A team of University of NSW researchers are collaborating industry partners to develop sustainable remediation technologies to clean up emerging pollutants including per-and poly-fluoroalkyl substances (PFAS).
Contaminated sites with high concentrations of fluorinated chemicals, such as the Red Zone surrounding the Williamtown RAAF base, are being identified for the project.
"Although there is no consistent evidence that PFAS exposure is dangerous to humans, concern about the health implications is rapidly growing and in the last few years, legislation has been introduced to limit the amount of PFAS in the environment," Professor Denis O'Carroll from UNSW's Water Research Centre said.
"This is a positive step, but even though the issue is clearly identified, and regulatory agencies are clamping down, the biggest problem is that there is no easy way to neutralise them."
The team's work, which is funded with a $3 million Australian Research Council grant, is focused on two main projects: The first is about generating as much information as possible about the problem and how to utilise biological and chemical approaches to break apart the compounds.
The second is about using that information to create a product or process for deployment in the environment.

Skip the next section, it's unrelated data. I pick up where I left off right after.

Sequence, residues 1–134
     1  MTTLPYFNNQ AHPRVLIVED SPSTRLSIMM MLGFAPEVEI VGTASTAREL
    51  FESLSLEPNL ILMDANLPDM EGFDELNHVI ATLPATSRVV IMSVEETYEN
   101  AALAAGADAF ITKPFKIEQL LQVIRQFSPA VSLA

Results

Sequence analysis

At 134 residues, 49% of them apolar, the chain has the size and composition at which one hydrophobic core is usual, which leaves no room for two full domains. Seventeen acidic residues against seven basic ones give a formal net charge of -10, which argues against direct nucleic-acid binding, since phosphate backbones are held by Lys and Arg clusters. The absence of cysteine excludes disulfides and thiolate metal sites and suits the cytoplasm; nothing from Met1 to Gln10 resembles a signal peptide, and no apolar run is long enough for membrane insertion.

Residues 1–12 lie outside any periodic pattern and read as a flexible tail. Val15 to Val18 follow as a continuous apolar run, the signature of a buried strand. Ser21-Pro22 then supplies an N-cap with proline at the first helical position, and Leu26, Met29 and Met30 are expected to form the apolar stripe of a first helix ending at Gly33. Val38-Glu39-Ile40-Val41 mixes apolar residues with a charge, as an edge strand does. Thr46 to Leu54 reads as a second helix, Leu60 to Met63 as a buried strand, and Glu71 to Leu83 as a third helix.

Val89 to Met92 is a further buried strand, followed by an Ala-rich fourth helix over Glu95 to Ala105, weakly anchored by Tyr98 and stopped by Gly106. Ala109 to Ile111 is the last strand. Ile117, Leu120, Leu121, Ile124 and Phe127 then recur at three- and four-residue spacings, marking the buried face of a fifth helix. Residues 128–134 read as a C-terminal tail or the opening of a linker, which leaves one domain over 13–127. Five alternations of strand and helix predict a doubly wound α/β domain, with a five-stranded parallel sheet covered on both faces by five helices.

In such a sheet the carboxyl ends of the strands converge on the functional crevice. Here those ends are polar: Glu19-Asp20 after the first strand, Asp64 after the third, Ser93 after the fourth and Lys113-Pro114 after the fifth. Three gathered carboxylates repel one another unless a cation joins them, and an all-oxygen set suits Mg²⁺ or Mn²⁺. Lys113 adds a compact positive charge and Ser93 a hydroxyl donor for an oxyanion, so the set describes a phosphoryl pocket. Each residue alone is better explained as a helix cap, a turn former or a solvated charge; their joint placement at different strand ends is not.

The first project is being undertaken in collaboration with Coffey Consulting, a large environmental consulting group.
"Our key focus is to gain a much better understanding of microorganisms and the biogeochemical processes they perform in relation to fluorinated compounds. To do this we are combining our expertise in microbial and geochemical transformation," project leader Professor Mike Manefield said.
"Essentially, we are trying to work out what the limitations are to the destruction of these molecules and find ways around these limitations. We know the carbon-fluorine bond is strong but not unbreakable. We have biochemicals that can do the job. The trick is getting that into a microbe which has the advantage of self-replication."
The second project, led by Professor O'Carroll is being conduced with five industry partners, Orica, Arup, Shimadzu, Enviropacific and the NSW Government.
"In our part of the project, we are hoping to use the information Mike's team is generating to develop and recommend cost-effective, safe and sustainable management and remediation strategies for contaminated sites," Professor O'Carroll said.
"We have only just started, but at this stage, we are optimistic that we'll find workable solutions within the next three years. All of the science makes sense, so our challenge is to transform theory into practice."